V12-11: The use of scaffolding tissue biografts to bolster the vesicourethral anastomosis during salvage robot-assisted radical prostatectomy reduces leak rates and catheter times.
In One of the key contributing factors to morbidity associated with salvage robot-assisted radical prostatectomy (sRARP) is a significant vesicourethral anastomosis (VUA) disruption causing a large prolonged urinary leak, perineal pain and delayed catheter removal. The reason for this leak is often not due to a poorly sutured anastomosis but rather to post-operative tissue breakdown secondary to inadequately vascularized tissue caused by the ablative nature of primary therapy. In this study, we used a tissue biomaterial graft called Matristem® from ACell® that was sewn into the base of the VUA in order to provide better integrity and to act as a scaffold for improved healing and prevention of anastomotic disruption.
From March to July in 2015, 8 patients underwent sRARP with Matristem scaffold placement at the time of VUA after primary therapy failure (Group 1). Primary radiation therapy was used in 6 patients (75%) (IMRT- 3 cases and brachytherapy- 3), cryoablation- in 1 patient (12.5%), and high intensity focused ultrasound (HIFU)- in 1 patient (12.5%). Group 1 patients were then propensity matched to patients in the GRI database undergoing sRARP with no graft placement (Group 2) and with patients undergoing primary RARP with no graft placement (Group 3). The endpoints to define the VUA healing were a prevalence of anastomotic disruption confirmed by presence of extensive leak of contrast media beyond anastomotic site on cystography and catheterization time.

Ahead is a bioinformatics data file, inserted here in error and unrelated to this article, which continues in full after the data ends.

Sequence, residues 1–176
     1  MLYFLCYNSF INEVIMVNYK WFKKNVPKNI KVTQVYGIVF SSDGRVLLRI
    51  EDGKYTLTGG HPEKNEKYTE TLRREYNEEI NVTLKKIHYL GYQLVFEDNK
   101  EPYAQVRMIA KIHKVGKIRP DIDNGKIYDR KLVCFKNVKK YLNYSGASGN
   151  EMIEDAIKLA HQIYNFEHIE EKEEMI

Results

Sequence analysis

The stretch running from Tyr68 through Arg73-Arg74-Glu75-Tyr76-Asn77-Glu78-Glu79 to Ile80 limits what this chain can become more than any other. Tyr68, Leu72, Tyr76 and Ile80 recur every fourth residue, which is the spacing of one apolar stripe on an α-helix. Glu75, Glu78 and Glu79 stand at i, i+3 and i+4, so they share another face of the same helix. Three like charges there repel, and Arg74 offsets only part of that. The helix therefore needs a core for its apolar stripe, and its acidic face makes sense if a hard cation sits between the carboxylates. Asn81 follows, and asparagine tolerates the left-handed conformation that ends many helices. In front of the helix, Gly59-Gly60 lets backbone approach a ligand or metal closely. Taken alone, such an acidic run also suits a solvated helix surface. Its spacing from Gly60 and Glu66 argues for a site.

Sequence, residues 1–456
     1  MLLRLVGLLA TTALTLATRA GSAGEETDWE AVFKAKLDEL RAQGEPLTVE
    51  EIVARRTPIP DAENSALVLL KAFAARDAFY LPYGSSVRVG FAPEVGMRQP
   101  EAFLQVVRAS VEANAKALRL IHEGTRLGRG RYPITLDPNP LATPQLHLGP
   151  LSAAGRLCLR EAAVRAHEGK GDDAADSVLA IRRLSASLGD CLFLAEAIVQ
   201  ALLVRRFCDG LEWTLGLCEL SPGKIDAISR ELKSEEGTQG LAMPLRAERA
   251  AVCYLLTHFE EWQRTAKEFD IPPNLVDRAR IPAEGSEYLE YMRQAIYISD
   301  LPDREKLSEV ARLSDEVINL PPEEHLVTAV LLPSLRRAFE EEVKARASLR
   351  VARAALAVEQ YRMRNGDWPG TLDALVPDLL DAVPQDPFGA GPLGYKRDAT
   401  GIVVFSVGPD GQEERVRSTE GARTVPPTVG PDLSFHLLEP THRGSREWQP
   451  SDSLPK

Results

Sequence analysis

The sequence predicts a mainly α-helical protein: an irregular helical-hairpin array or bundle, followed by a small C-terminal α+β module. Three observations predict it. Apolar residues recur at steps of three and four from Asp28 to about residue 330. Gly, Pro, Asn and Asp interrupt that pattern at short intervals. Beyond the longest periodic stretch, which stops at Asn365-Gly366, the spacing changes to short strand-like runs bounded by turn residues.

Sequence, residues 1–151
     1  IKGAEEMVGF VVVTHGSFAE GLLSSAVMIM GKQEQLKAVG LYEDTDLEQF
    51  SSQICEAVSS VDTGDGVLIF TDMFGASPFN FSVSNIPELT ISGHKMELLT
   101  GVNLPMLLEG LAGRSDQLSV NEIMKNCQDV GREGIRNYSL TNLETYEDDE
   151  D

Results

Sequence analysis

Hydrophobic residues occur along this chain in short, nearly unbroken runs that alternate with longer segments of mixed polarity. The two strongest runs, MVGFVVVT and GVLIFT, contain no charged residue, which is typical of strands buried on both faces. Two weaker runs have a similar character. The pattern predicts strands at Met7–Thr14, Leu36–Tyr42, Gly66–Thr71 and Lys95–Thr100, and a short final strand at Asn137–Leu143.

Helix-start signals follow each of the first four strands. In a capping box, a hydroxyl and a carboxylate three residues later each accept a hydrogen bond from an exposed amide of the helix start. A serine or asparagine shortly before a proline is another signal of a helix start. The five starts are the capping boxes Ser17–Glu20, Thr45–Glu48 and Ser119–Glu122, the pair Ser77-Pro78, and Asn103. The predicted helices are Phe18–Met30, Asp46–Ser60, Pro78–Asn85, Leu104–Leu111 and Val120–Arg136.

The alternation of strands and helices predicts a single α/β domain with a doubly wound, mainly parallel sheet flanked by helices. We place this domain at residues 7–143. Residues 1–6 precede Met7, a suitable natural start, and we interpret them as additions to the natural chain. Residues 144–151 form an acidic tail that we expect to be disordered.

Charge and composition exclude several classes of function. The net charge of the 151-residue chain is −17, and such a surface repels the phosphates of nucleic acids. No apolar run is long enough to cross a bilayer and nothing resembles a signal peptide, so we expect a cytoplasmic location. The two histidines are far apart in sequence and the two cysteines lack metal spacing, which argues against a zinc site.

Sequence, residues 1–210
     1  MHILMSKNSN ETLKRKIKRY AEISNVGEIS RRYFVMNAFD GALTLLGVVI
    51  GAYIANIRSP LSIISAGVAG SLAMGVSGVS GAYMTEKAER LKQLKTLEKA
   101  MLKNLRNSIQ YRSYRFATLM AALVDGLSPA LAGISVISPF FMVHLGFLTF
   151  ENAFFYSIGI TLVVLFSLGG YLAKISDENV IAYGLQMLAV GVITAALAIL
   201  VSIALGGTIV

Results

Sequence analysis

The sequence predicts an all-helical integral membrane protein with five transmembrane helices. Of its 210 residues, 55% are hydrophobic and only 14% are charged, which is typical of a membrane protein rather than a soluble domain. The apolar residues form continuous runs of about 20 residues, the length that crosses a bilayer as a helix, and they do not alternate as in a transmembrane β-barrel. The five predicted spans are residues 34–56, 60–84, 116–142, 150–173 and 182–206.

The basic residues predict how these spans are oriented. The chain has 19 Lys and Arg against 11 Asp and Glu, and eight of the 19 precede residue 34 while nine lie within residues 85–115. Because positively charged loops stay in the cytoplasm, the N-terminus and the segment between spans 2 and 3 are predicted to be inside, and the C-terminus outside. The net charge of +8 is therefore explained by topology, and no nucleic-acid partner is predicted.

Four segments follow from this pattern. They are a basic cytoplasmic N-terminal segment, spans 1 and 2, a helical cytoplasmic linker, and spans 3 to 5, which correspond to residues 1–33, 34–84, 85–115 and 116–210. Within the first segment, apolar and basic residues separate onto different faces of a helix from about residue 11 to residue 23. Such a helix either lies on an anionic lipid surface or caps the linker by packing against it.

Clinically significant anastomotic disruption was observed in one patient out of 8 (12.5%) with median catheterization time of 11.2 days (range: 10-32) in Group 1 and in 3 patients out of 8 (37.5%) in Group 2 with 17.4 days (range: 10-57), respectively (Table 1). The rate of other perioperative complications according to Clavien definition of ≥ 2 was same in Group 1 and Group 2 [1 case (12.5%) (p>0.3)], while Group 3 had no perioperative complications. Group 3 had significantly less catheterization time [median- 6.3 days (range: 5-7), p=0.05], when compared to either Group 1 or Group 2. Overall, sRALP without graft placement was associated within anastomotic disruption, while primary RALP alone did not have this complication. However, this VUA disruption as an evidence of a significant leak was noticed only in cases that underwent primary radiation therapy.
ConcluThe occurrence of anastomotic disruptions after sRARP are drastically reduced by the use of a tissue scaffold incorporated into the VUA. Incorporation of a Matristem graft into the base of anastomosis decreased the rate of disruption, enhanced healing and reduced catheterization time in patients undergoing sRALP.